By the way, there has been no comment from European Adoption Consultants, who handled the adoptions of Chase and Logan Higginbotham (scroll down) and who ended up dead when her forever mother cracked her skull open on a bedroom wall.l But they sure have been reading what I have to say about them.

ADDENDA: December 20, 6:30 PM: I no sooner posted this entry when a story from WJLA-TV came through, Adoptive Parents Worry After Loudon Man is Acquitted in Son’s Death. It should be titled Adoption Industry and Adoptive Parents Worry… The usual ME ME ME with absolutely no comprehension of what went down at Fairfax Courthouse or a care for Dima. The article has a link to the video, which has much more impact than the written story.

Russia Today Video:


  1. Of course, in all this I have seen very little mention, by anyone of the one thing that could have truly prevented this: a phone call from KinderCare to the Harrisons in the morning asking where Chase was.

    Back when this happened, I asked not one but two people I know who run local daycare centers (including the one our son used to attend) if they routinely call parents when the child is not dropped off and there has been no reason to expect that absence or a call from the parents saying “Foo-Foo won’t be in today, she’s sick” or something like that.

    Both of them said the same thing: They call. Always. One woman said one of her calls on this had actually prevented exactly this sort of situation from developing.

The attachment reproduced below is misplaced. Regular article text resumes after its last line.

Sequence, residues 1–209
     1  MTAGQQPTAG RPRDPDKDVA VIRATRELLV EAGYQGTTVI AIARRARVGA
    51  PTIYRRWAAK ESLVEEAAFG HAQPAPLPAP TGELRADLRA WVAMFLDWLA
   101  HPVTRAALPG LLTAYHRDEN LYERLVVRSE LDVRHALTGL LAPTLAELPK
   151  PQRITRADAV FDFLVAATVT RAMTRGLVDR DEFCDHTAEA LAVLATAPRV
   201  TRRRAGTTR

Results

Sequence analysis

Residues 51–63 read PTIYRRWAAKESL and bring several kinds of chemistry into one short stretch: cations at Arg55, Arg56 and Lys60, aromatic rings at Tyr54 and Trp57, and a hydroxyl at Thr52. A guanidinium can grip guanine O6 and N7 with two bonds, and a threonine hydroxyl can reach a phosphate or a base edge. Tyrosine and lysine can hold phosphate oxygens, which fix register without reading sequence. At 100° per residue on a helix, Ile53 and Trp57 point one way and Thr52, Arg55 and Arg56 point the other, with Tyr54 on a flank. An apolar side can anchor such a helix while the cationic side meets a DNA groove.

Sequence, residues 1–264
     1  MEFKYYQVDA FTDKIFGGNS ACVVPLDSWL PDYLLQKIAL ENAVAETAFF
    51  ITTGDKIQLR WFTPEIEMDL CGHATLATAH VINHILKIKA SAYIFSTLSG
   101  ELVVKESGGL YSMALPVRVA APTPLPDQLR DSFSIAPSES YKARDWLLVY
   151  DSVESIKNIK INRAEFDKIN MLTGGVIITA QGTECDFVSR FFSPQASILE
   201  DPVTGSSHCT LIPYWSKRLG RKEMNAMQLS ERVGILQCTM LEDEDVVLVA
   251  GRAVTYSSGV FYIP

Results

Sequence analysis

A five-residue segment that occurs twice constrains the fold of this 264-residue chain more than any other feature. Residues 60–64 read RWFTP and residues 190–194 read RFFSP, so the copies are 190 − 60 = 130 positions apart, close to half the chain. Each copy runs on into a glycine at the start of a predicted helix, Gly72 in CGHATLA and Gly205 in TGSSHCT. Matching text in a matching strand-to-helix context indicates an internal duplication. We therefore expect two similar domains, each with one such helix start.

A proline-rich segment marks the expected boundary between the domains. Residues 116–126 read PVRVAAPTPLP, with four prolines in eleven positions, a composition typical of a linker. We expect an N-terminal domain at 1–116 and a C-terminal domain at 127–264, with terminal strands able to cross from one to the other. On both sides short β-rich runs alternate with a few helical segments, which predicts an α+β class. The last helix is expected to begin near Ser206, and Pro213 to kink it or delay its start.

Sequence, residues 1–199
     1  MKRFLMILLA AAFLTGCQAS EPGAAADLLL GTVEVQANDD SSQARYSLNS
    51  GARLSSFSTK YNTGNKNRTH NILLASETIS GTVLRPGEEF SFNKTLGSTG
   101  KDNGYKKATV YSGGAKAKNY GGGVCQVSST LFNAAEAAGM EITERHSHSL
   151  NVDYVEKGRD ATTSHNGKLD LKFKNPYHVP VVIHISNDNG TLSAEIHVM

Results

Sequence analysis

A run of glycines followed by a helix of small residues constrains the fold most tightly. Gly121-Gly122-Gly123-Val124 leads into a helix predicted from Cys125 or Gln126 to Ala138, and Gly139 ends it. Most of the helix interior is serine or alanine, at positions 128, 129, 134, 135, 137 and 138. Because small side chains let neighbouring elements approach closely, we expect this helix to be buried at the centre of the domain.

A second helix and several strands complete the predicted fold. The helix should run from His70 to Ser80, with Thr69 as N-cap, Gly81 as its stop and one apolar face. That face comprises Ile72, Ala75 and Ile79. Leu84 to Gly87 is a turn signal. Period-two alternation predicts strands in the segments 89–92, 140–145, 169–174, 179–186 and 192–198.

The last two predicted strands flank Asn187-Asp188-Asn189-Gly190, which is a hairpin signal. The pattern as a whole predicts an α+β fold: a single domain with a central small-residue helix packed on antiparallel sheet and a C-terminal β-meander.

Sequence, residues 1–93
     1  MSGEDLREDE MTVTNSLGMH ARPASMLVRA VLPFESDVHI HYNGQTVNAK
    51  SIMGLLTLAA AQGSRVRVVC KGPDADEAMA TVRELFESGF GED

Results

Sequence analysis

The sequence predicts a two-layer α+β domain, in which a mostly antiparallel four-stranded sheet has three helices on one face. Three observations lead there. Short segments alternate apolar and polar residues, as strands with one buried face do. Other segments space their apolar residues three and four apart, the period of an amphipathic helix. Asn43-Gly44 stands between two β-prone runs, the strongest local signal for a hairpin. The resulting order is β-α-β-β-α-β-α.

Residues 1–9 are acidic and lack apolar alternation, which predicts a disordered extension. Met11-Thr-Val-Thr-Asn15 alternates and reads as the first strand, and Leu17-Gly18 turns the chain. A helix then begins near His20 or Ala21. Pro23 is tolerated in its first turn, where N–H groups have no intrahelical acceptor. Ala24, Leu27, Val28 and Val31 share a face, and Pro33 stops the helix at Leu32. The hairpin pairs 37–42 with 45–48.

I cannot believe there was no requirement to do this. KinderCare is a large franchise … why they don’t have such a policy in place, I don’t know. And if they do, I hope the manager at the Ashburn location has faced some very hard questions from corporate at the very least.

    If I were a Virginia legislator, I would, when either the House of Delegates or the state Senate next meets, introduce a “Chase’s Law” bill that would not only require day care centers to call a caregiver in the event of an unexplained absence and report to police if they are unable to reach anyone, but would reduce the standard for involuntary manslaughter to mere reckless disregard when a child under 12 (or, for that matter, disabled person) is involved.

  2. I had wondered about that, too, and don’t remember seeing anything about calling parents, though I believe BLC mentioned it in one of her blogs at the time of the incident. I found the website for the KinderCare in Ashburn but it’s very generic and says nothing about safety precautions. You’d probably need two separate bills for you ideas, but really…it should be common sense to call. I’m sure with a population of 180, whose parents are paying a pretty penny to be there, the could afford to pay somebody to call and even text.

  3. Thank you for doing this blog. It is so painful to see these stories, but it needs to be documented. This is a horrible legacy for us to have.

    Take care.

Leave a Reply

Your email address will not be published. Required fields are marked *